On Monday, Recep Tayyip Erdogan, the President of Turkey, reiterated that he wouldn’t support Sweden and Finland’s bid to join the North Atlantic Treaty Organization (NATO). Once again, he accused the Scandinavian nations of supporting terrorists. Furthermore, Erdogan said that his country could not support the NATO ambitions of nations that slap sanctions on Turkey.
Turkish President Erdogan has reaffirmed his disagreement to two Nordic states, Finland and Sweden, joining the North Atlantic Treaty Organization – just hours after they said they would seek membership in the intergovernmental military alliance. #SwedenNATO #FinlandNATO #Turkey pic.twitter.com/kRzoLLF8xH
— Live News Now (@LiveNewsNow6) May 17, 2022
The Turkish president said that delegations from Finland and Sweden should not bother coming to Ankara to persuade his government to change its position, which came after reports that the foreign ministers of Stockholm and Helsinki would soon travel to Ankara to talk about the issue. Without the support of all NATO members, Finland and Sweden can’t join the military alliance.
Sweden officials said that Europe was living a dangerous new reality as he referred to the Russian attack on Ukraine. Vladimir Putin, the President of Russia, said that the Swedish and Finnish bid to join the thirty-member NATO alliance didn’t threaten Russia directly – but stressed that any expansion of armed infrastructure would fuel a response from Moscow.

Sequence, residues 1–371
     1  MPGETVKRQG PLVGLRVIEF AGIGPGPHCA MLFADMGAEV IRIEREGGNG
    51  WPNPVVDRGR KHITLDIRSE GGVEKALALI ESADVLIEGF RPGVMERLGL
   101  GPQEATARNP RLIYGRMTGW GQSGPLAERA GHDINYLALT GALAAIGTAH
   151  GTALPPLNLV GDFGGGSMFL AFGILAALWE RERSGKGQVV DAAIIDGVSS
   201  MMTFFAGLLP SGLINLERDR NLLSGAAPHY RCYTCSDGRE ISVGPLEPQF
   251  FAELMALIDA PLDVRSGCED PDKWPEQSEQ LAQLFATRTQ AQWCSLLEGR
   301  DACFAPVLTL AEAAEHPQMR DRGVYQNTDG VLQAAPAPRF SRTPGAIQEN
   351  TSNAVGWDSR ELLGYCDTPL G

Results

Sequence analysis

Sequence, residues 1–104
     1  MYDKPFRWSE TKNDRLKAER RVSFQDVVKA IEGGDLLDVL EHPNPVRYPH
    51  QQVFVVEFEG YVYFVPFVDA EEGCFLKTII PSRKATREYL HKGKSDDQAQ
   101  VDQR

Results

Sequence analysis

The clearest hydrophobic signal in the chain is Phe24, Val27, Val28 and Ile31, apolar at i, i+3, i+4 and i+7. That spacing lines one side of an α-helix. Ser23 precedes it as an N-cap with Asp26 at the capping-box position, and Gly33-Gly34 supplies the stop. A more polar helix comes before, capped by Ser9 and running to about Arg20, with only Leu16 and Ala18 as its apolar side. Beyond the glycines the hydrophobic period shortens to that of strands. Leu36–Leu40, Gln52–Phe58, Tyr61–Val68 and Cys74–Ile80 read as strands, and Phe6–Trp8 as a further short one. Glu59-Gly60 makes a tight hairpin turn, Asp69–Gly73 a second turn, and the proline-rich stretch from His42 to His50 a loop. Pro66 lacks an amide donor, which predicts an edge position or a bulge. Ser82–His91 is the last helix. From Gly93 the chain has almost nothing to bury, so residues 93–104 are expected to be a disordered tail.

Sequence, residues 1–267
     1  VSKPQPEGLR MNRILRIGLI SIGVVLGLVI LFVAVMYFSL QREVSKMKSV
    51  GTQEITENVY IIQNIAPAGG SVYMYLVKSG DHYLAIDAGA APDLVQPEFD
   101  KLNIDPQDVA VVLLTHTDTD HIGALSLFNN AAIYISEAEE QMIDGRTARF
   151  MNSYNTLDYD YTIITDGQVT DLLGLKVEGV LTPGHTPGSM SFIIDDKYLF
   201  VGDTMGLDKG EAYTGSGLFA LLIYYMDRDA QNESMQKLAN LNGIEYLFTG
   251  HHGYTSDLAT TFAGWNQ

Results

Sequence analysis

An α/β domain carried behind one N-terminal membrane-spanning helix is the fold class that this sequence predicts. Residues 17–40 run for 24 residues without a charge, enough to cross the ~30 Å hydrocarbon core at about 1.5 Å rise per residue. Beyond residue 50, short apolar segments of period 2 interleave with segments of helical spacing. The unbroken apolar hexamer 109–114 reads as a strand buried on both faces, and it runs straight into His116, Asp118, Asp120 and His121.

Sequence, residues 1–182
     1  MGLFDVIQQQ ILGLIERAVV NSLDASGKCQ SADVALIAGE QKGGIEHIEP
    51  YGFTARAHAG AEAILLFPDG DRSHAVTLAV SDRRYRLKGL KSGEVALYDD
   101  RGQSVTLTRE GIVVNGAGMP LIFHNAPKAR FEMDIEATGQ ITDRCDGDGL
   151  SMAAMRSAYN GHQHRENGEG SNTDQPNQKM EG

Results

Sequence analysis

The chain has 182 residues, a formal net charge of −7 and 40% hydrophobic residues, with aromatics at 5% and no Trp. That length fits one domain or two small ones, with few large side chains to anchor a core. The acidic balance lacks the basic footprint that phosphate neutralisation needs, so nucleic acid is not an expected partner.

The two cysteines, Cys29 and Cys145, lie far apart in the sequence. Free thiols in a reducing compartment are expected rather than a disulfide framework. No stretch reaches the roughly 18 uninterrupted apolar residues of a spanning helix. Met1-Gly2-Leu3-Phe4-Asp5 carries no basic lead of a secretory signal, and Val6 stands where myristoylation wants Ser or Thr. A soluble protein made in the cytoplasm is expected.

Finland and Sweden have no Open Attitude Towards Terrorist organizations.
During a Monday news conference, Erdogan said that Erdogan clearly announced that Ankara would oppose the Swedish and Finnish moves to join the military alliance. Further, he described Sweden as an incubator for terrorist organizations. The Turkish leader added that both these countries have no clear and open attitude towards the terrorist organization.
Ankara blamed both Nordic countries for harboring members of the group Kurdistan Workers’ Party (PKK). Erdogan added that his administration also vowed to block requests from nations that slapped sanctions on it. In 2019, Sweden and Finland imposed an arms ban on Turkey after it invaded Syria.
During his speech in parliament, Finnish Foreign Minister Pekka Haavisto said that the Turkish stance surprised him but added that the Finnish government was not interested in negotiating with the Turkish president. Last week, Finland officially announced its move to join the military alliance. On the other hand, in a Monday news briefing, Sweden’s Prime Minister Magdalena Anderson said that NATO would strengthen his country and that Sweden would strengthen NATO.
Anderson announced that an official application could be handed in the coming days and would be coordinated with Finland. Additionally, NATO signaled its willingness to accept the two new members. Simultaneously, the Swedish prime minister stressed that her country didn’t want permanent NATO bases or nuclear weapons on its land. However, another NATO member, the United Kingdom, already gave security guarantees to Finland and Sweden to cover the transition period.